Packing brings Rocky View Publishing reporter face-to-face with hoarder within
Thursday, Jan 23, 2014 12:23 pm
Finally, after nearly a year of waiting, my new home is built and my husband and I will be making the big move this weekend.
Though this life event was much anticipated and is incredibly exciting as we are now first-time homeowners, it does bring about the dreaded task of packing. The results of the final push to box everything up before we relocate, is the undeniable truth that you can never really escape your past self.
Now, this isnít my first move. Iíve been living on my own for quite a few years and have packed and moved several times. The difference this time, is that now I have no more excuses for keeping my forgotten belongings at my parentsí home. The result is the unenviable task of sorting through a lifetimeís worth of stuff that I felt was imperative to hold on to all these years.
Case in point, I recently discovered my old sticker collection. Iím not sure when I thought Iíd need pages upon pages of stickers fastidiously categorized by theme (fuzzy versus non-fuzzy along with shiny versus non-shiny) then stuck meticulously in neat little rows on the page. The mere act of categorizing and sticking has rendered the stickers completely unusable, as they are no longer easily removed from the plastic-like sticker paper they originally occupied. Also, can one really ever find a need for at least 100 Tweety Bird stickers?
I realize this sticker collection was a valuable gem when I was in grade school and I know I held it in great esteem, bringing it to sleepovers and showing it off to my friends. But the mere fact that I couldnít part with it when I first moved out at 18, suggests to me I may have some issues to let go.
Now, Iím not suggesting I should be featured on an episode of TLCís Hoarding: Buried Alive, but I do think itís time I take a good hard look at what is really important in the big scheme of things.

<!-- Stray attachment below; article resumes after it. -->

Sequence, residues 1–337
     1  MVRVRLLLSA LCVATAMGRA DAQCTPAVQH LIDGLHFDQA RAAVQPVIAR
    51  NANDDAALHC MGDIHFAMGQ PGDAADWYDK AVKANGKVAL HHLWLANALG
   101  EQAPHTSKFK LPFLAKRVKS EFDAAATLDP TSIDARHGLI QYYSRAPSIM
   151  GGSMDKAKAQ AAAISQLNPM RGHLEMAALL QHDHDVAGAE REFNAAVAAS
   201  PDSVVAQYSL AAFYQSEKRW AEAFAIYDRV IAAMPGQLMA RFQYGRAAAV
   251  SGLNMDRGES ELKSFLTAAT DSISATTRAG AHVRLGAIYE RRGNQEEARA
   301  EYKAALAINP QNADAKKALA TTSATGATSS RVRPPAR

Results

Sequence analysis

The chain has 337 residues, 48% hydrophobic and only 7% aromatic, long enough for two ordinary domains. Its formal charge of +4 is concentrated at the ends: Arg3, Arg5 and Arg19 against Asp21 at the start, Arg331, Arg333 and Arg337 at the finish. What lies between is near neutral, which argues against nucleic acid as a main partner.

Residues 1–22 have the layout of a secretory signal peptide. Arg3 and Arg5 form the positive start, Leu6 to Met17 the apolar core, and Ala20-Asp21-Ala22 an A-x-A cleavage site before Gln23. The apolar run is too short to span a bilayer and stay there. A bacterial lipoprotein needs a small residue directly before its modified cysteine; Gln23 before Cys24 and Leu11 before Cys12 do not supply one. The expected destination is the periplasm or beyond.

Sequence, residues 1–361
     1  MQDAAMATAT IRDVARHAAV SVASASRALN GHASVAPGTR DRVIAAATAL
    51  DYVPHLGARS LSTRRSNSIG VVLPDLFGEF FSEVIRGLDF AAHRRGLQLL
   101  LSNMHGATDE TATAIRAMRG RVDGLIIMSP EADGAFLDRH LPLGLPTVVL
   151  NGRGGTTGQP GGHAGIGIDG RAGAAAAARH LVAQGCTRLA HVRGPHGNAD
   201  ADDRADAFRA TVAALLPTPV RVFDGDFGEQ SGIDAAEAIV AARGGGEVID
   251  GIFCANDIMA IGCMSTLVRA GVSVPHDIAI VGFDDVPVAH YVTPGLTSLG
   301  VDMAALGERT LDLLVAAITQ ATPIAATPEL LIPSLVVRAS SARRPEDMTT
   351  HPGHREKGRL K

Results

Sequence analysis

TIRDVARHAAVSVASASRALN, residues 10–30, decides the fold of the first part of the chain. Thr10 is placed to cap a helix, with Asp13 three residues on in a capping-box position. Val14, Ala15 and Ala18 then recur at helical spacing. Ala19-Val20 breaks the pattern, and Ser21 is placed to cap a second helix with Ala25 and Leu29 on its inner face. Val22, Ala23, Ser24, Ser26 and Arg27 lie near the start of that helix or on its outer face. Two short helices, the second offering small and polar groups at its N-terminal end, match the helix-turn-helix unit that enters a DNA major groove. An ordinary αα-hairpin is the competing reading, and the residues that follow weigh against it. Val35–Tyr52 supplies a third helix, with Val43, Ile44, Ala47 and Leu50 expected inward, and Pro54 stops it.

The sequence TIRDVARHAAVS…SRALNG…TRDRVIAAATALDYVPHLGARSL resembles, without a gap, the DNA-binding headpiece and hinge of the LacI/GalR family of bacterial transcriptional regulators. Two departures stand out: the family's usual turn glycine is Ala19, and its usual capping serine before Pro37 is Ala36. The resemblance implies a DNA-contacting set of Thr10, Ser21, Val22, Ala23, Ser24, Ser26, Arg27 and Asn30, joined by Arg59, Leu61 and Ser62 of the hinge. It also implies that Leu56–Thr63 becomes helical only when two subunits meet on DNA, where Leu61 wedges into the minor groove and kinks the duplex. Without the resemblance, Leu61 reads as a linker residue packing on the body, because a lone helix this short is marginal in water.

Will I ever proudly show off my prized sticker collection again in my life? I sincerely hope I never have that compulsion as it would: one, indicate a bizarre new twist in my life and two, be impossible because I did indeed let that piece of nostalgia go and threw it out.
As I go through the remnants of my childhood I am faced with the various future predictions of my youth such as the numerous photos I have accumulated of random apes (I thought Iíd grow up to be a primatologist), my forgotten dreams and goals hidden within the pages of old diaries (which I couldnít actually bring myself to read), and my penchant to hold on to an absurd amount of stuffed animals in hopes I would one day pass them on to my own children (at some point a stuffy becomes too old and dust-ridden to be passed down).
The arduous task has also resulted in some delightfully embarrassing mementoes including a Grade 2 class yearbook in which I wrote the thing I wanted most in life was a baby sister but that somehow got misprinted as babysitter, because apparently having a consistent babysitter was something a six year old dreamt of.
Though the packing process isnít a ton of fun, it has made me realize Iím not so much of a grown-up as I thought I was because I still get super happy when I pull out my old set of Glow Worms and was ridiculously excited to find I still own a DVD/VHS player and all my old VHS Disney movies (Iím absolutely setting that up and having a movie marathon).
In the end the move will be fantastic and though it may be a little heavier because I just canít let go of all the objects with memories attached to them, sometimes nostalgia is worth it. Plus, maybe I will finally make my millions selling my beanie babies.